I got to thinking about them as people told me about geezerhood and codgerness this past week.
“Age is just a number.”
There’s some truth to that, although I’ve never heard anyone under 20 say it. In a much earlier op-ed, I wrote about the different important but arbitrary ages. These limit the minimum age at which we humans can take part in some exciting activity:
• 16 gets a driver’s license in most states. Most boys wish it were 14; most parents, 35.
• 18 is the minimum age to be eligible to vote in a public election. Except it used to be 21. Or 16 in Takoma Park, Maryland.
• 21 is the youngest one can be to drink because the National Minimum Drinking Age Act of 1984 withholds revenue from states if they let anyone under that age buy booze. Despite the Internoodle rumor, it is not true that the minimum legal drinking age will be raised to 25 as of August 2.
• 35 is the minimum of gray hair allowed to be President although in practice Teddy Roosevelt was the youngest person to assume office at age 42. JFK was 43-5/8. Mr. Clinton was 46-1/2.
• 65 is retirement age. Except when it isn’t. It turns out you can collect partial Social Security at 62 but full retirement is older than 65 for anyone born after 1937. Medicare, however, kicks in at 65.
By now you may have guessed that I have attained each of those arbitrary numbers and now I have a problem: I don’t know how to be a codger.
Codger /n/ käj-r — an elderly man, especially one who is old-fashioned or eccentric.
OK, I’m sometimes old-fashioned and usually eccentric but I was that way 30-40 years ago.
“Horsemanship through the history of all nations has been considered one of the highest accomplishments. You can’t pass a park without seeing a statue of some old codger on a horse.”
That’s another good one, but the closest I’ll get to being that behorsed statue was painting the one at Stevens.
Now, a geezer wants to drive as slow as possible. A true geezer will pick a speed ahead of time, say, seventeen miles an hour, and drive that speed under all conceivable conditions, no matter where, no matter what. With the turn signal on. A geezer will put the turn signal on when he buys the car and then just leave it on until he trades it in. The geezer car is actually three to four normal-size cars welded together. It should be much bigger than anything else on the road, or even the road itself. The hood should be so big that it’s impossible for the driver to tell what lane he’s in, sometimes even what zip code he’s in, by merely looking out the window. Planes could take off and land on the hood of the geezer car.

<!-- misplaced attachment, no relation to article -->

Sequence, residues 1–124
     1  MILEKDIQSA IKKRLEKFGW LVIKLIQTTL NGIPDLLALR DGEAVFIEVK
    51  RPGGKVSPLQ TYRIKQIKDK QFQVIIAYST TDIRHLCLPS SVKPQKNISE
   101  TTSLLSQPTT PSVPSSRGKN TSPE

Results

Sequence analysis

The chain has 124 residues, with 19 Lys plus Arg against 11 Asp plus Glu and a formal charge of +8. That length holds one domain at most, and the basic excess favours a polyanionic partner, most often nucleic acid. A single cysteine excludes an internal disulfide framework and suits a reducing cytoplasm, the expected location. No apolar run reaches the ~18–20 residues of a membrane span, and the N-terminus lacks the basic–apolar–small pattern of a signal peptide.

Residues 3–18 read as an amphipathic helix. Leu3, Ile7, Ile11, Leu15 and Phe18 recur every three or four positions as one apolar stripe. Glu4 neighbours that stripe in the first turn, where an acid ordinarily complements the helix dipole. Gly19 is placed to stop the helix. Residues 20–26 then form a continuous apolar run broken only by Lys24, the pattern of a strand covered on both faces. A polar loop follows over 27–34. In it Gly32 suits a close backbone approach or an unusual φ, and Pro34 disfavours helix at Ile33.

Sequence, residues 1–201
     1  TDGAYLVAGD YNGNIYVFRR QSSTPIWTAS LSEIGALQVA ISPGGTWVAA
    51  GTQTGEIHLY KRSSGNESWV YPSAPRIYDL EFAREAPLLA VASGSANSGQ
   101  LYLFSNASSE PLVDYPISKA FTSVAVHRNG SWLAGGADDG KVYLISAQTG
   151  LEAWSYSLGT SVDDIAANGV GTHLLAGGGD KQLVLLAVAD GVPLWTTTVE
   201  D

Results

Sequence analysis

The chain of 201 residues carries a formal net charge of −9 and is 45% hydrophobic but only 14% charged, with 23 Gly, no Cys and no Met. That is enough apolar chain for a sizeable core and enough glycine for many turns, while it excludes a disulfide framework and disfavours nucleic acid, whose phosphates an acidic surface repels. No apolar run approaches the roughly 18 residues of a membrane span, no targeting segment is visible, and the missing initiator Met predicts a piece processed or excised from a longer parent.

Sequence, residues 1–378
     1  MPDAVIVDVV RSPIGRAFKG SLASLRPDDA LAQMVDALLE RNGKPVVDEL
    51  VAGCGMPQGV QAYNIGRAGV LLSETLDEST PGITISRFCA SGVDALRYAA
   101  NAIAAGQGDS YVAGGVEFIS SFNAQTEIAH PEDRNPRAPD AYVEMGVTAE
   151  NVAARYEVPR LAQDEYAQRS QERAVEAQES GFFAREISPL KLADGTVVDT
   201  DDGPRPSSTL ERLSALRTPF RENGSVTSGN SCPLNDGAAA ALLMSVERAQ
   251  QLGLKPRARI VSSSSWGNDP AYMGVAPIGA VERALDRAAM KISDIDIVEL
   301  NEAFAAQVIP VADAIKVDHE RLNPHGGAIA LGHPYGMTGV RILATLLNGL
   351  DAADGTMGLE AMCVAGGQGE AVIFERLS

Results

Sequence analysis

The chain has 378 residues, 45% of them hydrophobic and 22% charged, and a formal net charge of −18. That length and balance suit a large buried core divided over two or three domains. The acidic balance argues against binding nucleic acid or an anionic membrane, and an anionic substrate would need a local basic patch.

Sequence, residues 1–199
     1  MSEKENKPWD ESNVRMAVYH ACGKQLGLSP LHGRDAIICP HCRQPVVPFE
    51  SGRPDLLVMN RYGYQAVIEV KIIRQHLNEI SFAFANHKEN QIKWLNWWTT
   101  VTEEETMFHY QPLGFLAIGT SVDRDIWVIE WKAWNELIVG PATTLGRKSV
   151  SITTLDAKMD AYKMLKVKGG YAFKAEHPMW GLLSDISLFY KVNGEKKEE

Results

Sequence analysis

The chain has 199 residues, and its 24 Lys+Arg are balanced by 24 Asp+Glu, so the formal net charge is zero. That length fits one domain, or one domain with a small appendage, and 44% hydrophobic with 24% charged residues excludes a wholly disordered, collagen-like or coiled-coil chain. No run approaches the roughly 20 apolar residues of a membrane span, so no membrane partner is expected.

OK, I admit I don’t drive as fast as I did when racing, but that happened when I discovered how much I hate paying $3.799/gallon for all that gas. I still managed to beat the Coco Plum land speed record in a Lotus a couple of years ago.
The problem is that there is no Federal educational program for geezerhood. This leads to an inevitable conclusion. I have discovered, to my great pleasure, that geezerhood arrives a minimum of 10 years after one’s current age.
Liz Arden says that’s OK. I’m just a codger-in-training.
The real milestones are our losses in my birthday week:
Actor James Garner died of natural causes at home on Saturday night. He was 86. From Maverick and Rockford to Grand Prix, he was one of my favorites. And I have long used his answering machine message.
Astronaut and test pilot Henry Hartsfield died at 80. He commanded Discovery and Challenger missions.
John Melvin was an engineer, academic and racing safety expert in NASCAR.
Actress Elaine Stritch.
And Heinz Zemanek who developed the first complete transistorized computer in Europe and defined the programming language PL/1.